Read more here

US shares flat, Coinbase loses 16%

15:08 , Daniel O'Boyle

US shares are roughly flat this morning, but crypto-related stocks are under as the SEC’s crackdown continues.

The S&P 500 is down by less than four points to 4270, while the Dow Jones is 0.1% lower at 33522. The Nasdaq is down 0.2% to 13201.

However, shares in Coinbase are down by 15.9% to $49.35 after the SEC sued the crypto exchange.

Competition watchdog increases reward to £250,000 to help crack down on cartels

14:46 , Daniel O'Boyle

The UK competition watchdog has more than doubled its reward to potential informants who can help it clamp down on illegal cartels.

The Competition and Markets Authority (CMA) has said the reward will increase from £100,000 to £250,000.

Illegal cartels involve businesses agreeing not to compete in order to keep prices higher for customers.

Read more here

US crypto crackdown heats up as watchdog sues Coinbase for breaching securities laws

13:41 , Daniel O'Boyle

US financial watchdog the SEC continues to crack down on the crypto sector, accusing exchange Coinbase of breaching securities laws just a day after suing its rival Binance.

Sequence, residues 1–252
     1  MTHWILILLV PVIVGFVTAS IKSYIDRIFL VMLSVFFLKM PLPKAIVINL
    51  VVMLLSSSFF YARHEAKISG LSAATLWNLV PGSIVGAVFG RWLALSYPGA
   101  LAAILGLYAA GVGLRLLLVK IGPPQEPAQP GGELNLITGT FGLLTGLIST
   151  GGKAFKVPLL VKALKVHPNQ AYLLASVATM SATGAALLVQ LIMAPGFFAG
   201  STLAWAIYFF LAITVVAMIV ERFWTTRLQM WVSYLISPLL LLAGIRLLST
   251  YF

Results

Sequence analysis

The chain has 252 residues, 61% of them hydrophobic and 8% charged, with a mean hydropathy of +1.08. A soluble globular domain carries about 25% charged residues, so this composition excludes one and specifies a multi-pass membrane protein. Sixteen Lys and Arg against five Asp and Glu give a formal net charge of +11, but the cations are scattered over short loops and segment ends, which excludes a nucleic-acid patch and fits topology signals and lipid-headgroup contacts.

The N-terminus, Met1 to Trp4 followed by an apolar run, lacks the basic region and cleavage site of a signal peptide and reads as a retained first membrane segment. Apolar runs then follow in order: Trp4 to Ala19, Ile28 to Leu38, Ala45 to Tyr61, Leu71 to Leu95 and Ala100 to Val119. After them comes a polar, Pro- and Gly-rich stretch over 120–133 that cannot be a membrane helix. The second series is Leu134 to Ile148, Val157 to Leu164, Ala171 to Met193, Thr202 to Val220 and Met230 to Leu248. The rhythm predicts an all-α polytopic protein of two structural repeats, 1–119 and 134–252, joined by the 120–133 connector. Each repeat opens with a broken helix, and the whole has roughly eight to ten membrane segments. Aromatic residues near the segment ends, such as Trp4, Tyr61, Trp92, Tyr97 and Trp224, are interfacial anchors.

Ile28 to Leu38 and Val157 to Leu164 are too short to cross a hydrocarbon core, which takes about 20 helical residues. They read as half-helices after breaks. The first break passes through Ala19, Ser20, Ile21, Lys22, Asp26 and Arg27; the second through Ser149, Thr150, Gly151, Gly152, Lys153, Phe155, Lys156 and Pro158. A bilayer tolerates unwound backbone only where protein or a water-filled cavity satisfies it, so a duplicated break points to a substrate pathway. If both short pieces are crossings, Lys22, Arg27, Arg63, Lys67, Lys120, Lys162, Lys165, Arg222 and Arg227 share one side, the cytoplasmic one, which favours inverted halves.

In a filing with a federal court in New York, the SEC sued the exchange for breaching securities laws. It said Coinbase - the biggest crypto exchange in the US - has taken on the role of a broker, exchange and clearing house, despite failing to register for permission for any of these roles.

Read more here

“UK economy’s underperformance to continue"

13:01 , Daniel O'Boyle

Ruth Gregory, deputy chief UK economist at Capital Economics, says she expects the UK economy’s weakness to continue for some time.

Growth here lags behind the US and Eurozone, which Gregory puts down to wea k consumer spending, weak government spending and the effects of Brexit.

“In short, a combination of the UK’s higher and longer lasting inflation problem, its shrinking workforce, lower government consumption and low export growth has driven the underperformance of the UK economy since 2020,” she said.

Gregory added that it was unlikely the UK would catch up in the next two years.